Moscow is adding facial-recognition technology to its network of 170,000 surveillance cameras across the city in a move to identify criminals and boost security.

Since 2012, CCTV recordings have been held for five days after they’re captured, with about 20 million hours of video stored at any one time.

“We soon found it impossible to process such volumes of data by police officers alone,” said Artem Ermolaev, head of the department of information technology in Moscow. “We needed an artificial intelligence to help find what we are looking for.”

Moscow says the city’s centralized surveillance network is the world’s largest of its kind.

The United Kingdom is one of the most notorious for its use of CCTV cameras but precise figures are difficult to obtain. However, a 2013 report by the British Security Industry Association estimated there were as many as 70,000 cameras operated by the government across the nation.

Moscow’s facial-recognition technology was designed by Russian startup N-Tech.Lab Ltd. The system cross-references a digital fingerprint of images from the Interior Ministry’s database against those captured by cameras at entrances to apartment buildings, Ermolaev said. A two-month trial of the system earlier this year resulted in six criminals being detained from a federal “wanted” list, he said.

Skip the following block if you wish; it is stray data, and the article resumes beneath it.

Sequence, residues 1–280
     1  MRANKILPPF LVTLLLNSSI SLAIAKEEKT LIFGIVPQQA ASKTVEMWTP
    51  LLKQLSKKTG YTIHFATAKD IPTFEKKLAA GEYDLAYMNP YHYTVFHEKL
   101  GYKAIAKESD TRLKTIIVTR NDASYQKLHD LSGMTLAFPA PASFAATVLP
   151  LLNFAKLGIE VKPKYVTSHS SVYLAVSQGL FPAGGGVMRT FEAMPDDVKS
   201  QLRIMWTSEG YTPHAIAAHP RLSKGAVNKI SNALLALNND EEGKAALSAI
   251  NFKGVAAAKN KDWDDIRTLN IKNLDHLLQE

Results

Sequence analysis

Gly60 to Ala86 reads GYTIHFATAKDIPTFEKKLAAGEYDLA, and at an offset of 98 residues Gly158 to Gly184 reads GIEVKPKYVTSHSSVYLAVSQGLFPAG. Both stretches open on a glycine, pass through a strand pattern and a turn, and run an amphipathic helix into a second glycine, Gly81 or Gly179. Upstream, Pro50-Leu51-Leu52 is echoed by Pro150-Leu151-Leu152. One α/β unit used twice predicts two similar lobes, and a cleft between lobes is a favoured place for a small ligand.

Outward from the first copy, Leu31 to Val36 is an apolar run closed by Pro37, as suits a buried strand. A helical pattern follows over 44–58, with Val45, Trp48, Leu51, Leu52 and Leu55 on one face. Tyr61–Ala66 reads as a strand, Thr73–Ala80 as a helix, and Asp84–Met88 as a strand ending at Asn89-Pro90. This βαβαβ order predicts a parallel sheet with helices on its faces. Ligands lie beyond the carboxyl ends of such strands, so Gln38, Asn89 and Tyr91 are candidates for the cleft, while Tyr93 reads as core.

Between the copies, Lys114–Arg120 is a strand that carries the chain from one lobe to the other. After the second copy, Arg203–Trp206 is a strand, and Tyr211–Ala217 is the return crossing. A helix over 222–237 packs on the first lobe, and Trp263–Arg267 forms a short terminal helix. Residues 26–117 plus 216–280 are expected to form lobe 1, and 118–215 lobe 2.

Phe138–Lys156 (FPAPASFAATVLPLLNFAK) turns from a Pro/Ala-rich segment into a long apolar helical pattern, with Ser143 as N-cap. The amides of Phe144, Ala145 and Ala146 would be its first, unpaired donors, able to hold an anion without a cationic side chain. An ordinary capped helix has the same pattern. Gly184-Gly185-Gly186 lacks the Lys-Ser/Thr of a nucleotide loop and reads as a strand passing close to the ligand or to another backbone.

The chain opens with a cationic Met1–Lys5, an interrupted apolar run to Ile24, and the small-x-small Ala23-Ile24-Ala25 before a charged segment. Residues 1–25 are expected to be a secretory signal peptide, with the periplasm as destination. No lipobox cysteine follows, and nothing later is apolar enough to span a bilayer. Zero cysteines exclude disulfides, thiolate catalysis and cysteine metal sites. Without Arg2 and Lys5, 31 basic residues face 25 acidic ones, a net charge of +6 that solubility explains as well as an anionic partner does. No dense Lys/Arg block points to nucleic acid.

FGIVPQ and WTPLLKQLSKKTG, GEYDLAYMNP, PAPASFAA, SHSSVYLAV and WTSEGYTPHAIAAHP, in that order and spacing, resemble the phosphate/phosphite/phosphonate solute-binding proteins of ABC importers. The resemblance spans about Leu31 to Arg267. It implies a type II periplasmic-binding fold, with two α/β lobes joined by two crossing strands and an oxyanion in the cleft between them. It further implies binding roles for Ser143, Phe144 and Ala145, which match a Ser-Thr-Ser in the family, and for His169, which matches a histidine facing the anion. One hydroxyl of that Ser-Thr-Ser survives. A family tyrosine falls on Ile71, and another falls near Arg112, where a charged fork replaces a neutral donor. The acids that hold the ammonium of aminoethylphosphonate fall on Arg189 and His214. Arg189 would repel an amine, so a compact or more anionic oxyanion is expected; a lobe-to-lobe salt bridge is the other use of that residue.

Ntechlab’s accuracy has been recognized by the U.S. Department of Commerce and the University of Washington. The Moscow-based company released a mobile app called FindFace last year that became a big hit in Russia.

Consumers would take a photograph of strangers in public spaces and the tool would identify those in the picture by matching their faces to profiles on Russia’s largest social network, VKontakte, with a reported 70 percent accuracy rate.

Facial recognition technology has been creeping into the consumer market for a number of years, with increasing accuracy and acceptance by users. Microsoft’s Windows 10 operating system can be unlocked when an authorized user sits in front of a computer’s webcam and Samsung Electronics includes a similar technology in its smartphones. More recently, Apple announced its flagship iPhone X would dispense with a fingerprint security sensor in favor of facial recognition.

Ermolaev said the Moscow government is already spending about $86 million a year to maintain its video surveillance system. Deploying facial-recognition to all of 170,000 cameras would have tripled these costs, he said, so the technology will be applied selectively within districts where it’s currently most needed.

Such systems are legal in Russia, says Mikhail Zyuzin, an IT expert at the Moscow-based Academy of Information Systems. It causes concerns about personal privacy, however.